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Understand Childhood Cancers and Blood Disorders

Infections in the Cancer Patient

One of the major problems faced by a child with cancer is that of infection. The most important contributing factor to infections is a low white cell count, particularly the neutrophil, the most powerful infection fighting cell. Neutrophils, produced in the bone marrow, can be low when the malignant cells replace the normal bone marrow elements, as seen in leukemia and neuroblastoma, or when the marrow is suppressed by chemotherapy. Several cancers, steroids and many chemotherapy drugs can suppress the body's immune system and antibody production, further increasing the infection risk. A breach in the body's normal outer barriers, as seen with mouth sores caused by chemotherapy or with external catheters, allows germs to enter the blood stream. Any foreign body, such as central venous catheters or shunts, can become a site for germs to settle and proliferate. Obstruction of internal organs such as the airway or urinary tract, can allow germs to accumulate and grow. Severe diarrhea can erode the lining of the intestinal tract, allowing normally benign germs to penetrate the bowel wall, leading to potentially life-threatening peritonitis. Patients who undergo stem cell transplant are left with no functioning immune system for a prolonged period of time.

Virtually every type of germ has been found to cause infections in children with cancer. Bacterial infections are the most common and often most serious infections encountered, particularly when appearing as blood infections known as sepsis. Sepsis can cause fevers, low blood pressure (shock), and serious respiratory distress. Intestinal bacteria, including E.Coli, Klebsiella, and Pseudomonas, are particularly dangerous when they enter the blood stream. Usually harmless bacteria that normally reside on the skin can also cause major problems when entering the body. To complicate the picture, multiple courses of antibiotics will often promote the development of antibiotic-resistant bacteria.

Fungus is another group of germs that commonly infect children with cancer. Candida will appear as a painful mouth infection called thrush, with a white coating of the tongue; the fungus can spread to nearly all internal organs, particularly the brain, lung, liver, and spleen. Aspergillus is a difficult infection that affects all parts of the respiratory system, from the sinuses to the lungs.

Viruses that usually cause mild illness in healthy people can be deadly in patients with impaired defense mechanisms. Chickenpox can cause a lethal pneumonia or liver failure. Herpes viruses, mere annoyances in the normal population, can cause serious organ failure in immune suppressed children. Cytomegalovirus is a special challenge faced by stem cell transplant patients, with potential for severe liver and lung damage.

Finally, a number of parasites can cause serious problems in this patient population. Pneumocystis Carinii has been a particularly troublesome problem, causing pneumonia in patients with leukemia and lymphoma, as well as any patients on prolonged steroid therapy. Toxoplasmosis and Cryptosporidium are uncommon parasites that can cause serious problems in patients with immune difficulties.

Many prophylactic measures have had a major impact in decreasing the risk of these infections. Strict hand-washing between patient contacts is probably the most important preventive measure that one can take and cannot be emphasized enough. Medical staff in particular are encouraged to always wash their hands with effective antiseptic soap between examining patients. Likewise, it is important to restrict at-risk patients from having contact with people with communicable illnesses, particularly people who are having respiratory symptoms (cough, sneezing, runny noses) that might indicate a high risk of spreading a respiratory illness. Scrupulous preparation prior to accessing any central lines is very important to prevent line infections that can lead to serious consequences.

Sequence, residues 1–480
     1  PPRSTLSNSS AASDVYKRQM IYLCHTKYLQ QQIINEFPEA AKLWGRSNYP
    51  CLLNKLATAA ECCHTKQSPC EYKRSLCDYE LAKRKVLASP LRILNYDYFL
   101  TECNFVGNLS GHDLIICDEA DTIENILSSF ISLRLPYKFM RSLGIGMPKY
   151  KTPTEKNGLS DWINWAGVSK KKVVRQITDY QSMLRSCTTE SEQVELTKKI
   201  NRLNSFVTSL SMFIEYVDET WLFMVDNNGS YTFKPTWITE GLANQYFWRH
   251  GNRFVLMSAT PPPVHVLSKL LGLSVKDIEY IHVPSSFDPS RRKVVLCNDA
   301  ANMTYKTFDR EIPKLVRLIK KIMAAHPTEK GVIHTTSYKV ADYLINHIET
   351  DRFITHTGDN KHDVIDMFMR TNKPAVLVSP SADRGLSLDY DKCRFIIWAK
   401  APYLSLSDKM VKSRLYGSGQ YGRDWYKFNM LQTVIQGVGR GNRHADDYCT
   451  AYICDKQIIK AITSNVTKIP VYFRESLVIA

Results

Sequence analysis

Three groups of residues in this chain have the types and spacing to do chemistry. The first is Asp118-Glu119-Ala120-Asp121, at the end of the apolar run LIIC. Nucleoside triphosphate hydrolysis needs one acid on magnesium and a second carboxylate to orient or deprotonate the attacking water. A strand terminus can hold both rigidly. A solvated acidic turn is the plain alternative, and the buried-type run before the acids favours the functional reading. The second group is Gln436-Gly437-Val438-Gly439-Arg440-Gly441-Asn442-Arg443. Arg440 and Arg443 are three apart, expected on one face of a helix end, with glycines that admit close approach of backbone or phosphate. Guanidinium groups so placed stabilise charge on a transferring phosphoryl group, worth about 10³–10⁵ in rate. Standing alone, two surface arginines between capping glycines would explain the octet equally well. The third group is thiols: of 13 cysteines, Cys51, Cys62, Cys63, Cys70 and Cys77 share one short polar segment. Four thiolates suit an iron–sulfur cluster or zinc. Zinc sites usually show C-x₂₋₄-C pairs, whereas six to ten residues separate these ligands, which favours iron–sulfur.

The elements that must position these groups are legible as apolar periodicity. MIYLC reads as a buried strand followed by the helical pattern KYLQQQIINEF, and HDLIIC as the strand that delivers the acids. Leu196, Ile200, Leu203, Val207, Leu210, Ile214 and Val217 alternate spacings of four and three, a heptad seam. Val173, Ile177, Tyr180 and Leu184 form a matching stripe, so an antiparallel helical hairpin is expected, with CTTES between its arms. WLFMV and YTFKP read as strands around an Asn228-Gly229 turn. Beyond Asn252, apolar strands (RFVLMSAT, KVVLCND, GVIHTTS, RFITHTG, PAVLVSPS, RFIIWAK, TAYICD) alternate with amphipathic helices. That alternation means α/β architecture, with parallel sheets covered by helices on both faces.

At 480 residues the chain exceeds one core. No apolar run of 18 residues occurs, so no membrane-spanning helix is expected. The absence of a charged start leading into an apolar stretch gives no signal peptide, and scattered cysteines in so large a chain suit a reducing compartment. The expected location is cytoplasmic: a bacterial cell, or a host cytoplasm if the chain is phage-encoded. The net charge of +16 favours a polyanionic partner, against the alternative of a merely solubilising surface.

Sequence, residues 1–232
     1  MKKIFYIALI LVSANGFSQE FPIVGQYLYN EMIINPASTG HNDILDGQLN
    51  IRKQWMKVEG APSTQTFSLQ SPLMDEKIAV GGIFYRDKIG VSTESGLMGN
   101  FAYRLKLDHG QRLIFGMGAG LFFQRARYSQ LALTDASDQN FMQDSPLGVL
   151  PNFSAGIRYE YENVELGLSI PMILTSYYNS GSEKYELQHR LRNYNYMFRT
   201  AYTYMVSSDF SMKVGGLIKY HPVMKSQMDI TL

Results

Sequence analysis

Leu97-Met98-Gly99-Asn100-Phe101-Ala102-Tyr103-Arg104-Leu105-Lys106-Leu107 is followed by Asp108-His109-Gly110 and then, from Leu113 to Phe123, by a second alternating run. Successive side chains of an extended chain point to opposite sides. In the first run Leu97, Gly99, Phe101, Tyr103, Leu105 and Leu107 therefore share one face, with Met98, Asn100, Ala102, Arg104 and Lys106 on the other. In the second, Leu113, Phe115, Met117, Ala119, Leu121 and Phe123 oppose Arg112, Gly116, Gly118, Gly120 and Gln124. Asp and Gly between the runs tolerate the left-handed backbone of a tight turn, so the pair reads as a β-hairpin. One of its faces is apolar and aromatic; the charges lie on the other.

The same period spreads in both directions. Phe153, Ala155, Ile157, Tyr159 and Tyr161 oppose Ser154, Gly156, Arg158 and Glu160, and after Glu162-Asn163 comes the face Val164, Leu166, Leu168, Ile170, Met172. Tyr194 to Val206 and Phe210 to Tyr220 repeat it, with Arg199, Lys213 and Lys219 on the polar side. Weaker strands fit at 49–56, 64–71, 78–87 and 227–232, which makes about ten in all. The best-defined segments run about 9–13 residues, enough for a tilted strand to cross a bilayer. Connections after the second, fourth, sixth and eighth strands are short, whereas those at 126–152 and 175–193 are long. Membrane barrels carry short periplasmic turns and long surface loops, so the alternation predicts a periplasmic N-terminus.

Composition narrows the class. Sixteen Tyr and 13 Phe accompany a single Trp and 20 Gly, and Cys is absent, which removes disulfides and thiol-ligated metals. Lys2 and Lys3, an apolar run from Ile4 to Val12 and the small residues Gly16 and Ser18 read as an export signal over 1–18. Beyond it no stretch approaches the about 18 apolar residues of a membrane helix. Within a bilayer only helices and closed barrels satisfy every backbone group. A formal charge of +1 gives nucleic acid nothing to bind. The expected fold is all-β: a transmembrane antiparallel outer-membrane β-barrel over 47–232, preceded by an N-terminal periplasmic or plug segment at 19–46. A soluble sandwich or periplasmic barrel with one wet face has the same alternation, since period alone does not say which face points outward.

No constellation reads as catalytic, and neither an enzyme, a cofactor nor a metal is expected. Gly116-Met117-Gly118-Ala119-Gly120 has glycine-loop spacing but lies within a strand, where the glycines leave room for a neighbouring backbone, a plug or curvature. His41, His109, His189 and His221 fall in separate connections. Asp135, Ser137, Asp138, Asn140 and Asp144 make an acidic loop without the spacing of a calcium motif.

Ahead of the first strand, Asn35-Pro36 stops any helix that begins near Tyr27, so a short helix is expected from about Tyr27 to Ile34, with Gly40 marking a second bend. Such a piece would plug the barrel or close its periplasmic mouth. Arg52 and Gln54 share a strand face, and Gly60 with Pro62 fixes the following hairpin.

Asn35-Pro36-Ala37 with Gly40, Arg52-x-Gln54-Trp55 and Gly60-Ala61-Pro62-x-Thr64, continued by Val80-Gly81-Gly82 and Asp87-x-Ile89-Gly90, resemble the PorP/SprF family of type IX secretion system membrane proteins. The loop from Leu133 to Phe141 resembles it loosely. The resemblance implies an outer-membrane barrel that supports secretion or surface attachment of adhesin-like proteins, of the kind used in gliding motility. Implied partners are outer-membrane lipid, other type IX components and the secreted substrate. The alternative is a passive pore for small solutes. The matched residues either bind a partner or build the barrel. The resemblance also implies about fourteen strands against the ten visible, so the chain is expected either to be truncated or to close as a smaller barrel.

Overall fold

For many types of cancer, prophylactic antibiotics play an important role in preventing infections. Virtually all patients with acute leukemia, as well as many with lymphoma and others treated with long courses of corticosteroids (such as children with brain tumors) are treated with Bactrim, a sulfa drug that is very effective in preventing Pneumocystis pneumonia. For those who cannot tolerate Bactrim, substitution with Pentamidine or Dapsone is recommended. Fungal prophylaxis with nystatin or fluconazole is helpful for patients with leukemia. Patients who are undergoing stem cell transplant may benefit from acyclovir and later generation drugs to prevent Herpes infections. Varicella vaccine should be considered for patients who will be immunocompromised, although its use in patients in active treatment is somewhat controversial.

An important point to remember is that fever in a child with an increased risk of infections is an absolute red flag, as some of these infections can rapidly become life-threatening. Whenever there is a fever present, the child's physician should be contacted immediately, and the doctor will then determine the amount of risk and appropriate management. Sometimes there will be no emergency issue and phone contacts might be sufficient, but it's best to let the doctor determine the proper course of action. At times an infection will not be accompanied by fever - either because of the nature of the infection, or in the presence of corticosteroids which can mask fevers. In these situations, should there be some other symptom, such as unexplained pain, respiratory or gastrointestinal complaints - a physician should be consulted as well.
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